Campaign planning, creative designing, and copy producing are all the jobs that require advanced and complex thinking and involve an emotional element that is critical in stimulating desired actions. Even in applying today’s best technology, AI is still unable to produce a perfect and acceptable copy, not to mention a well-organized ad campaign.
Therefore, it’s a false myth and unnecessary overreaction to boycott AI.
Nowadays, there is more smoke than fire in the application of AI in the digital ad industry. It is often an empty catchphrase media used to acquire people’s attention or a public relations stunt to emphasize companies’ abilities in propaganda campaigns.
Those cases oftentimes happen when third-party AI vendors claim they can totally solve clients’ problems themselves. The truth is, however, for AI products to work, they need to be tailored to the client’s specific use. Simply put, the application of AI is the result of a program that receives the massive and intensive training through the use of machine learning.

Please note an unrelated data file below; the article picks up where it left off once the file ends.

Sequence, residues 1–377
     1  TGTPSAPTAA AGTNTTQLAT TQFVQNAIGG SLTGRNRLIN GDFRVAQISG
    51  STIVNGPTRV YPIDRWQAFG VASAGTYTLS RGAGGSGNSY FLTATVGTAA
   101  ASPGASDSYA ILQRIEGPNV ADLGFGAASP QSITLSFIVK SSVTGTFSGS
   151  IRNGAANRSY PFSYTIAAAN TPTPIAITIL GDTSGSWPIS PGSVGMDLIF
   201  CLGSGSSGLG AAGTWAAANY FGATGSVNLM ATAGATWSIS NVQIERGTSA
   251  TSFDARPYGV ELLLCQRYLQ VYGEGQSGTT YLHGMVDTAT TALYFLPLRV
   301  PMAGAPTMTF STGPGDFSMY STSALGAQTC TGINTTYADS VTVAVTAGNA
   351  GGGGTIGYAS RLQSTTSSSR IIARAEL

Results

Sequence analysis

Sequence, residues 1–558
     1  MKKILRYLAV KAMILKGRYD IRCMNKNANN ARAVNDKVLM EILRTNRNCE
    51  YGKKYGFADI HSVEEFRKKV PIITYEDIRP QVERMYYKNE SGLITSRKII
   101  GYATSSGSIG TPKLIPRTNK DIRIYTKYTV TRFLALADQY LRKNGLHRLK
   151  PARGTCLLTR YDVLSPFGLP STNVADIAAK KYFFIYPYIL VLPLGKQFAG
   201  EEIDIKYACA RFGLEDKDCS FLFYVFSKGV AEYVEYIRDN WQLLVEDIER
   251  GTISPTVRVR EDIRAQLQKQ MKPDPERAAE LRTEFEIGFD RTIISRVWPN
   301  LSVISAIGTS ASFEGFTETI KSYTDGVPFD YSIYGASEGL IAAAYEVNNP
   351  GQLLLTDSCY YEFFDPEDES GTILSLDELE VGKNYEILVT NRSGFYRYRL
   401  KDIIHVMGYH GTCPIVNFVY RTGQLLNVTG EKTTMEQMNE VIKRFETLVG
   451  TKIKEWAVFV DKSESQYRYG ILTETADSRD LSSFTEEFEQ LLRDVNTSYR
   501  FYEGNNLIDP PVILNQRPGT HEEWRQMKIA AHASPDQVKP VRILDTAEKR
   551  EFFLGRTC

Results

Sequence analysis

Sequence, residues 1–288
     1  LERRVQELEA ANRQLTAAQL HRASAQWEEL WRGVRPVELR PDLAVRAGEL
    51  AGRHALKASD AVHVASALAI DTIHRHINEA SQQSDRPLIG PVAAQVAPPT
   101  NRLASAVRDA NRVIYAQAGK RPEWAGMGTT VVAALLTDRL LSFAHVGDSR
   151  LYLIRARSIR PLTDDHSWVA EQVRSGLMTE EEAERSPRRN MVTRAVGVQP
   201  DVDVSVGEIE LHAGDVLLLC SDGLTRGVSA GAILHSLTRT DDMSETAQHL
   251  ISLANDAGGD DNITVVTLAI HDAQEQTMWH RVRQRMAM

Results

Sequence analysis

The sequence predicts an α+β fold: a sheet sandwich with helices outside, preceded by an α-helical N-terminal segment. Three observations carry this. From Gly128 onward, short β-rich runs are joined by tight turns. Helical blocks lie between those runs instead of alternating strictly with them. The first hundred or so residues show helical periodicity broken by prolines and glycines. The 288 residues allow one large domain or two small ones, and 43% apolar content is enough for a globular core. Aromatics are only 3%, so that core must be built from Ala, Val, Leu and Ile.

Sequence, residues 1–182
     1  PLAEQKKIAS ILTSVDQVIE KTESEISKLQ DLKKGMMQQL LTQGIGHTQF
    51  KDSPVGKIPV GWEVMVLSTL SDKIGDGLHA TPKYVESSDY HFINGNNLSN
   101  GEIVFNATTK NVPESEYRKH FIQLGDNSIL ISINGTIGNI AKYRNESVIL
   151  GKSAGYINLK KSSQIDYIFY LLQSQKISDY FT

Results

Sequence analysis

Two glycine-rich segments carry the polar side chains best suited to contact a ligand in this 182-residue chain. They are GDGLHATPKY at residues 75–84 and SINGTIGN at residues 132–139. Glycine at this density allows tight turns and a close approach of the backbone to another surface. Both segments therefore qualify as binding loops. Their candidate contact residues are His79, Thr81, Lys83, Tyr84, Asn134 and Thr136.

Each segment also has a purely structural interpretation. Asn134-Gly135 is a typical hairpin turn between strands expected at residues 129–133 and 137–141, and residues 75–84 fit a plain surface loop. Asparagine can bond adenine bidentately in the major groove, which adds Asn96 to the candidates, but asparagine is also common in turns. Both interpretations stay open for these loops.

There is no one-fits-all AI.
On the other hand, the term AI and machine learning are often misunderstood and are not interchangeable.
To be more clear, AI is the broad concept that feeds machines with correct data and develops abilities to finish tasks in a more efficient way while machine learning is the training technique for AI that uses algorithms to process a great amount of data to make predictions.
Despite the fact that AI is overly advertised for its outstanding competence, the application based on its current development is still extremely helpful, however limited, in terms of boosting productivity.
For instance, ad performance calculation and multi-platform data integration and the likes of which take a tremendous amount of time and effort, would be greatly improved and optimized. Those scenes that marketers spend entire days on spreadsheets and manually type calculation formulas may become a thing of past.
Now that the work efficiency greatly increases, marketers can better allocate their time for something more important and complicated, such as online to office campaign integration. These usually require meticulous analysis and ongoing brainstorming.